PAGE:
Translated by: Katja Matešan, prof.
Department for health promotion
THE BLACK WIDOW SPIDER BITE
The black widow spider is the most poisonous spider in Europe. Despite her poison not being lethal and given the fact that this spider bites only in self-defense, its name provokes fear and uneasiness. In our area (Istria, Dalmatia, coast region, islands) we can find it outdoors from the mid June to the early autumn: When it gets cold, this spider dies, but before that she leaves numerous eggs in the hidden places. From these eggs young spiders derive, most frequently by the end of May, depending on the meteorological circumstances and moisture. The females are bigger and they grow up to 1-2 cm, while the males are smaller, 3-5 mm. These spiders are specific with a distinctive orange, red, or yellow “hourglass” shape on their underside with spots (usually 13). The spider has two poisonous glands, which shrink during bite and drop toxin extract. The poison quantity of black widow spider is only 0.3-0.5 mg, but it is very toxic. The black widow spider venom is neurotoxic, and it stimulates releasing of numerous neurotransmittors with the consequent excessive stimulation of neuromuscular synapses.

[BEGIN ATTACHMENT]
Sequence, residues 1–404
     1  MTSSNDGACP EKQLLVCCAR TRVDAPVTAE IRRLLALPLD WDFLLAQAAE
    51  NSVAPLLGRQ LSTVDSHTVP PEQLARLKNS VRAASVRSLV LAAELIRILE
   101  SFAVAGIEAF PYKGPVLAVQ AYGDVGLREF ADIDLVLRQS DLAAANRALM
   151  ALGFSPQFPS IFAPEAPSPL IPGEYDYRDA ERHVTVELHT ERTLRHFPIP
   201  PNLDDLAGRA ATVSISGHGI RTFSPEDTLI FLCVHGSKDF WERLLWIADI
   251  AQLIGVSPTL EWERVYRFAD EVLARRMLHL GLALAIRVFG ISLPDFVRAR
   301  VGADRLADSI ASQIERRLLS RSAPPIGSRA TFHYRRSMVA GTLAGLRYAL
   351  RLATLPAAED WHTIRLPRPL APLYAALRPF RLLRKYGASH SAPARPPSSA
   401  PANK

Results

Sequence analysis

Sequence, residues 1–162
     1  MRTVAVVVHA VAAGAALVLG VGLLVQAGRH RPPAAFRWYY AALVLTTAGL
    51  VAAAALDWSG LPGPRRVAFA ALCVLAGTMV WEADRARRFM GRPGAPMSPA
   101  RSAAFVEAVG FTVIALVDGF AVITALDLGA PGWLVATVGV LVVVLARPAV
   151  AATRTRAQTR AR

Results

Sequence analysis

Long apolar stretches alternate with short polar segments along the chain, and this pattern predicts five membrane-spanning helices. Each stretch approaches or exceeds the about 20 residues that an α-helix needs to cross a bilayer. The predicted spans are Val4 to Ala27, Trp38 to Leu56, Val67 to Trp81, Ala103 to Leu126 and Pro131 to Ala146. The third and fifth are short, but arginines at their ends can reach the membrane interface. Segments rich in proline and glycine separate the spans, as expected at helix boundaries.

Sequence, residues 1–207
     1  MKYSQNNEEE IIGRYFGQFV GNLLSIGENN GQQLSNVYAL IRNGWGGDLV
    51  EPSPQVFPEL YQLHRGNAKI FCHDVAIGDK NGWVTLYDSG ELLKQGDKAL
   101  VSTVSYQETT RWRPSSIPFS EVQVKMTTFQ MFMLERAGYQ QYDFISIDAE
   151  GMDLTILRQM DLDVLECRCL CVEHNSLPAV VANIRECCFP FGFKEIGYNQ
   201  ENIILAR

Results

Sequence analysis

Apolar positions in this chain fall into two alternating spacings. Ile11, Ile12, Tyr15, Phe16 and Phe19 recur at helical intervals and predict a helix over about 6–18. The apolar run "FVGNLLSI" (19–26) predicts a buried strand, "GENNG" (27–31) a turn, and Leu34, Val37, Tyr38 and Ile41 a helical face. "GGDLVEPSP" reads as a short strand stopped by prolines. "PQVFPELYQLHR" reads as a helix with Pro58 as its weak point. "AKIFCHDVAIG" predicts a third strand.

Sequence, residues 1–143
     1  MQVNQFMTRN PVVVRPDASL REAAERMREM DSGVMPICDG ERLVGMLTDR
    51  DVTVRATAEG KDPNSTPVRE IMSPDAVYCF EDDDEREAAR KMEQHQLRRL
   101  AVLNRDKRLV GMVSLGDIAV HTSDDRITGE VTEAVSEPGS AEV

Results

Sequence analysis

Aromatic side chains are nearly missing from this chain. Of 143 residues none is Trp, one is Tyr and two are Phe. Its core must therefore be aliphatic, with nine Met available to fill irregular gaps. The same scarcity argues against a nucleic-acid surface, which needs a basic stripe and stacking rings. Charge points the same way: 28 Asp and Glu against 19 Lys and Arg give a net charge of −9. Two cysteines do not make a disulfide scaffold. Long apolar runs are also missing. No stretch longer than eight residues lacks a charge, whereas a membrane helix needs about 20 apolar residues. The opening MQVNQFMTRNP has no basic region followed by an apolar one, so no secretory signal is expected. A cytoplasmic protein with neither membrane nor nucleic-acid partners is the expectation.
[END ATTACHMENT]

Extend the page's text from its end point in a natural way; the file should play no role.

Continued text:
The bite of this spider is mostly painless and it does not show, so most people assume to have been stung of the thorn or some plants during outdoors activities or while working in the fields. After the initial redness in the bite area, pallid area of 5cm occur, while localized or generalized rash can occur occasionally. Ten minutes after the bite, one feels pain in the regional lymphatic nodes, and afterwords the pain is expanding in lower back, stomach, back, thighs and lower legs. The pain is getting stronger, with muscle cramps, skin becomes sweaty and touch sensitive, there are nervous outbursts and the patient begins to feel mortal fear. Most patients are not able to stand on their feet, so they generally lie down restless, while those standing on their feet are trembling with the whole body. The face gets specific look characterized by red, sweaty face with painful grimase, with drooping or constricted pupil, eyelids are swollen, with salivation and teardrops. Typically there is a rise in blood pressure, particularly diastolic, causing difficulty in breathing (breathing is shallow and irregular), as well as rapid heartbeat. Most patients feel nausea and/or vomit as well as chest pressure. Psychic symptoms can vary with potential visual obstacles, then delirium, hallucinations, anxiety and insomnia. Some patients can exhibit psychotic disorder symptoms. Symptoms can persist mostly 48-72 hours, and withdraw afterwords, while for complete recovery from bite several weeks are necessary.
The mortality rate is less than 3%; young children, elder population and heart disease patients are at higher risk of developing complications.